Had surgery 11 months ago and I'm doing great. I probably started everything a bit earlier than most, but to give you an idea, I was without crutches in a few days, no pain pills after about 3 or 4 days, running at 4 months (1 to 2 miles) and basketball at about 7 months. I started playing without my brace last week. Now I probably did all of those things a little earlier than my doctor would like, but I felt pretty good (I think my doctor might have released me early if I hadn't moved away though).

I just tell you this because there are cases where you do pretty well, and its hard to predict what will happen. I also had the hamstring graft. I originally hurt my knee wakeboarding and didn't think it had any acl involvement and was just mcl, do I let it heal. It later gave out on me twice playing basketball, and when I finally got better insurance I got it taken care of (about 8 months after the original injury).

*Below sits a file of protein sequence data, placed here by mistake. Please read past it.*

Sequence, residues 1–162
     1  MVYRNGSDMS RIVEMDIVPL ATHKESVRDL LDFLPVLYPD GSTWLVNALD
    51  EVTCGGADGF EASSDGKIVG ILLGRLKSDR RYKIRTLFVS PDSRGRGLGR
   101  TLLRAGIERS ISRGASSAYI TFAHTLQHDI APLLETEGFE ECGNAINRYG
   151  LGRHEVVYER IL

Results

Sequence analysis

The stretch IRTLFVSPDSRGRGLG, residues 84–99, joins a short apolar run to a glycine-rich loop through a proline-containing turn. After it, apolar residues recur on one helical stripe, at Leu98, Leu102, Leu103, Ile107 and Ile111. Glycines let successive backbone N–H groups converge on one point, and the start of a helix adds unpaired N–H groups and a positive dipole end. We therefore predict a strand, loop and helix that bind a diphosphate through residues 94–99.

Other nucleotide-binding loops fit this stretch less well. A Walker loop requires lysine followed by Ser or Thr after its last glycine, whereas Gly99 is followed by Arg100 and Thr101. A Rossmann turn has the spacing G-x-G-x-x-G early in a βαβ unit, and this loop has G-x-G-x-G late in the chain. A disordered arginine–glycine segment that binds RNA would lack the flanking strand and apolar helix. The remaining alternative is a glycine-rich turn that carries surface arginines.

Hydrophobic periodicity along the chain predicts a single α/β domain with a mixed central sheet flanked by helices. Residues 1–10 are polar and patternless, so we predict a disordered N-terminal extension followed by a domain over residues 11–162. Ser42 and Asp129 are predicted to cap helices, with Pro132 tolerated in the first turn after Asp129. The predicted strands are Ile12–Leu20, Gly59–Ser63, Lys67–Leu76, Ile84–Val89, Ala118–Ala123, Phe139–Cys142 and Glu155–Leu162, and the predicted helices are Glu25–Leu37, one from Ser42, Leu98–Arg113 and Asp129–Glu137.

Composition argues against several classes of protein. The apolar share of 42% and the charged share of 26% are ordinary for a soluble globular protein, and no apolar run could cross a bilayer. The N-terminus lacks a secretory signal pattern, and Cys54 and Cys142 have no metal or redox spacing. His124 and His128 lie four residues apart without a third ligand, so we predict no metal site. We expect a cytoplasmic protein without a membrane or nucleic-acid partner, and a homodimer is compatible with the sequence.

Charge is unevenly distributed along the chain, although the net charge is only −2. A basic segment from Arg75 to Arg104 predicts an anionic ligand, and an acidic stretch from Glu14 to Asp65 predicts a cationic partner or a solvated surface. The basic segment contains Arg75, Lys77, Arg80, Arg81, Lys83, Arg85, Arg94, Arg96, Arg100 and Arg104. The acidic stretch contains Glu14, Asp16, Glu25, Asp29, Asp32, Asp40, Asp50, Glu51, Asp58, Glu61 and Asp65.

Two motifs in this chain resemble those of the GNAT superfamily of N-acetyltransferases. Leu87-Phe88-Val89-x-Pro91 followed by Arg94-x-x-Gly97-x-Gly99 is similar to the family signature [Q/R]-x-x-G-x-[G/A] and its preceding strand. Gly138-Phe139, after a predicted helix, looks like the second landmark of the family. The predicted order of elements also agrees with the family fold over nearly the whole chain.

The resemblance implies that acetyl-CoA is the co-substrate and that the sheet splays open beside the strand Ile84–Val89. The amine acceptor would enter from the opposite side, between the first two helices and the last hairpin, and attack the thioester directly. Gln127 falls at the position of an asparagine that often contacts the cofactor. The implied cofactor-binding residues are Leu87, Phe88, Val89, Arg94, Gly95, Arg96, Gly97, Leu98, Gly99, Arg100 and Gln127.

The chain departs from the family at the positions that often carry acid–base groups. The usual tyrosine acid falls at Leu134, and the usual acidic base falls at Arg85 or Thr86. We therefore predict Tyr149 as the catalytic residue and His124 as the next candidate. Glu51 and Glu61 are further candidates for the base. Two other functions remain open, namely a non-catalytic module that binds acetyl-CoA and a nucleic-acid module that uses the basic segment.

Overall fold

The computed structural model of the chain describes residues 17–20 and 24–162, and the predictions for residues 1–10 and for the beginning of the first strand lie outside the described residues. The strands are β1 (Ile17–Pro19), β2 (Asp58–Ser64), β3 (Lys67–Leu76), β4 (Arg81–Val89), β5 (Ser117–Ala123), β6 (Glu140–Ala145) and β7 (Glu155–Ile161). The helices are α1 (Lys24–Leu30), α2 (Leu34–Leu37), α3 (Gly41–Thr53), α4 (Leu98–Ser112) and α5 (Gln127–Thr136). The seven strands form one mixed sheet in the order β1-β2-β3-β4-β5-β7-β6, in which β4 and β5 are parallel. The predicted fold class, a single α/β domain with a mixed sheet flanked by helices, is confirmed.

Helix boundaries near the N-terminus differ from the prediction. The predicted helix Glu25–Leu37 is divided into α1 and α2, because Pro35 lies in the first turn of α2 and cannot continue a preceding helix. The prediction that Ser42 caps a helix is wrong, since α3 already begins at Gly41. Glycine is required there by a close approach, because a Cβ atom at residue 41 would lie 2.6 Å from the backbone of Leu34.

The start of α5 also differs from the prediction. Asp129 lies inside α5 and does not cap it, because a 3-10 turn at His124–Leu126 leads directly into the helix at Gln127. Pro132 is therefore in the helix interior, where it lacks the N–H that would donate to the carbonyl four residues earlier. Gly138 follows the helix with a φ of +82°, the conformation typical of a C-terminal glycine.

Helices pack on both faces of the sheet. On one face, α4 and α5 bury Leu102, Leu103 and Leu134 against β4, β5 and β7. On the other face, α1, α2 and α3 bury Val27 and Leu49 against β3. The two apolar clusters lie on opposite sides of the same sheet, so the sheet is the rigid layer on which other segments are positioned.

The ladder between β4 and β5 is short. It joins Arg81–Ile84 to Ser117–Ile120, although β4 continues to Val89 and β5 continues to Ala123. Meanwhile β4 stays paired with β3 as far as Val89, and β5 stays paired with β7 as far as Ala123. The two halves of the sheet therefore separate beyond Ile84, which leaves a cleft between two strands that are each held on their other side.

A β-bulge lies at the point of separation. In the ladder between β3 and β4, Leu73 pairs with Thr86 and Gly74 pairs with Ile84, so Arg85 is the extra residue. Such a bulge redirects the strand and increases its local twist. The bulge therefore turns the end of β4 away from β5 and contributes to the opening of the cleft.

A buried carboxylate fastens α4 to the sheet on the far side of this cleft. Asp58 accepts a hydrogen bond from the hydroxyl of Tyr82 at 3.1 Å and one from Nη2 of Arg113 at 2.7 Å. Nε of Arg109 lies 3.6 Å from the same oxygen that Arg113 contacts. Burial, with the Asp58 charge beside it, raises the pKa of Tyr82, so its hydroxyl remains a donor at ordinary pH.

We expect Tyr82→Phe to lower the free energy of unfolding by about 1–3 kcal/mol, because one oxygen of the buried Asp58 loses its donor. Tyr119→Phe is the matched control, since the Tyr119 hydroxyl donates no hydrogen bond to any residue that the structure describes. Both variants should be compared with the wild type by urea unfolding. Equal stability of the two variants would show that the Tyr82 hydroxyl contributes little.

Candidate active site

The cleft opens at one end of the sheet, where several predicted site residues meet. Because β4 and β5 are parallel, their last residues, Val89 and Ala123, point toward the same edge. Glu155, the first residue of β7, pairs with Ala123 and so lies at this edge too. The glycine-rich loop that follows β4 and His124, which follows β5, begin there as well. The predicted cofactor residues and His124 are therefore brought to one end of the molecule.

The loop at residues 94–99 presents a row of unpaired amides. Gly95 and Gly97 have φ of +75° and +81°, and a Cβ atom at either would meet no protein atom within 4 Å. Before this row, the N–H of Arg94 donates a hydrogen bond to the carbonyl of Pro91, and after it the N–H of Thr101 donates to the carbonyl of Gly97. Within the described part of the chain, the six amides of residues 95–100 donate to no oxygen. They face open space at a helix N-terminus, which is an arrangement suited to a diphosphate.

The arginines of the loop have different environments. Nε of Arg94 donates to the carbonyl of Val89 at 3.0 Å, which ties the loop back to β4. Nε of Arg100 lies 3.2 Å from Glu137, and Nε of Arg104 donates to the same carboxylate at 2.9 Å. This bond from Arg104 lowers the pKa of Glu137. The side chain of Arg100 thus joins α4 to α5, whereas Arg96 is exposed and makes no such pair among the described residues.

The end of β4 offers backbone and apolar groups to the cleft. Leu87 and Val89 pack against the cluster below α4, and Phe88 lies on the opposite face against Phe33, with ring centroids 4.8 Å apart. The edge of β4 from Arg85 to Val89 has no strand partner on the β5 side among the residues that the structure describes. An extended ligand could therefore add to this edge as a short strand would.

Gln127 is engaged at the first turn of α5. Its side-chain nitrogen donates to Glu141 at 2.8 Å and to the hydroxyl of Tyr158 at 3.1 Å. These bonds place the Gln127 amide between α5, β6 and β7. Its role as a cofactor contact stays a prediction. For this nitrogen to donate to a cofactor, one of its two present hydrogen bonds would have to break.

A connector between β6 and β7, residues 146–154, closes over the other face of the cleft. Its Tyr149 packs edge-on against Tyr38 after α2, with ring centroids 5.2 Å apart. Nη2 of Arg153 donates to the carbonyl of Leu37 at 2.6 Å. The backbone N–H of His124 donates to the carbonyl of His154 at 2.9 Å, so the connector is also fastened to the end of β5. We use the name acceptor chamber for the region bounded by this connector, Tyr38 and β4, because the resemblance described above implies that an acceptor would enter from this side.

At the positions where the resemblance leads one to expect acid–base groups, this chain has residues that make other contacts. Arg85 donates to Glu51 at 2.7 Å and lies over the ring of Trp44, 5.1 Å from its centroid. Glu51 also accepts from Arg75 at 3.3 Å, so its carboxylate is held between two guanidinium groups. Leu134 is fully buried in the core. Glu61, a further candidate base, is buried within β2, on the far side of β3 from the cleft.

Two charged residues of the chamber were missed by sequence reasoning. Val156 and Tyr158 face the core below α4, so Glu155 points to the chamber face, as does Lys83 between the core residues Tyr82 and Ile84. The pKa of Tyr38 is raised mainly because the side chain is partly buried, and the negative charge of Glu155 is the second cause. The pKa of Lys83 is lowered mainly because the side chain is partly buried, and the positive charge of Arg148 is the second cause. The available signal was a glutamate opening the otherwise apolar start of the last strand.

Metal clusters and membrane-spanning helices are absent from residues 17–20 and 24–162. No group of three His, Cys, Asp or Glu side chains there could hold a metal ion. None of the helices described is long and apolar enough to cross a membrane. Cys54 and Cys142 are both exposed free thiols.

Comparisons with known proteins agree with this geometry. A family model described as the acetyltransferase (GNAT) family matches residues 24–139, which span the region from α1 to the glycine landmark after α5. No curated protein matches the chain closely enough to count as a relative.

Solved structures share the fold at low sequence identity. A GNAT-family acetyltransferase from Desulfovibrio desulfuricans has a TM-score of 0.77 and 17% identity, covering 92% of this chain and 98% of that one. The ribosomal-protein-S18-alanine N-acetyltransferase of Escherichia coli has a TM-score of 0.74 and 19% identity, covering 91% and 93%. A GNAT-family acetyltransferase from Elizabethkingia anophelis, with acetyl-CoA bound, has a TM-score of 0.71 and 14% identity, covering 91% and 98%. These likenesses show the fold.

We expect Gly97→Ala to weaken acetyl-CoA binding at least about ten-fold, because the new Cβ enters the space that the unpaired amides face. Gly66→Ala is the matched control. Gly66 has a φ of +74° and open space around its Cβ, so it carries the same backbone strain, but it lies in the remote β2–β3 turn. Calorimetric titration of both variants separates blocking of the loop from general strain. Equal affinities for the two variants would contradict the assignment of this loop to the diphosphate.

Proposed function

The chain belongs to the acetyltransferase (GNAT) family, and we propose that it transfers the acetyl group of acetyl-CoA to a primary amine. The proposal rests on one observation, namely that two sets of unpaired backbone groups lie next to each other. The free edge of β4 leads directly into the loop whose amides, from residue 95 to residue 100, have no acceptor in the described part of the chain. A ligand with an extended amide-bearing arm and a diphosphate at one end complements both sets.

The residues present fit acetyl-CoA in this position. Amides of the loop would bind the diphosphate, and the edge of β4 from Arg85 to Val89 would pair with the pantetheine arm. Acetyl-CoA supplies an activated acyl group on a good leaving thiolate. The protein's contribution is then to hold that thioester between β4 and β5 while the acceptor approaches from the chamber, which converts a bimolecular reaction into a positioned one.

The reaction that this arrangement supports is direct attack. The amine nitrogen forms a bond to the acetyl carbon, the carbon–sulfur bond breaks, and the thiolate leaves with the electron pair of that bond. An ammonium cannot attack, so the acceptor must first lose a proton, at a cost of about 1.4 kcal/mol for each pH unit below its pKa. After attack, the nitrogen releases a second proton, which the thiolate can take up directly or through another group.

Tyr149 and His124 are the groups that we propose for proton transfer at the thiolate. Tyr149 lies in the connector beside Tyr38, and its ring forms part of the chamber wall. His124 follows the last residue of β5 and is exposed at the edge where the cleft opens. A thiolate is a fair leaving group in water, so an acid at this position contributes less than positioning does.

I think one of the biggest factors is involvement of other structures. I didn't have any other ligament damage and only had about 15 percent of my meniscus removed. I'm also in my 20's and was fairly active before. The most important thing is to know your body and work hard without pushing it too much. And listen to your doc and PT, they've seen hundreds of people go through the exact same thing.

zdoor
05-23-2011, 07:18 PM
A little more than 4 months out from surgery. Started jogging 2 weeks ago and have been doing strength training for about 1 month now. Getting the size back in my calf, and quad and hammy are about 10-15 percent or so behind the other leg. Working the operated leg about 2 to 1 to catch it up and it's getting there. Overall recovery is very good and doc has moved up the rehab from the first month on.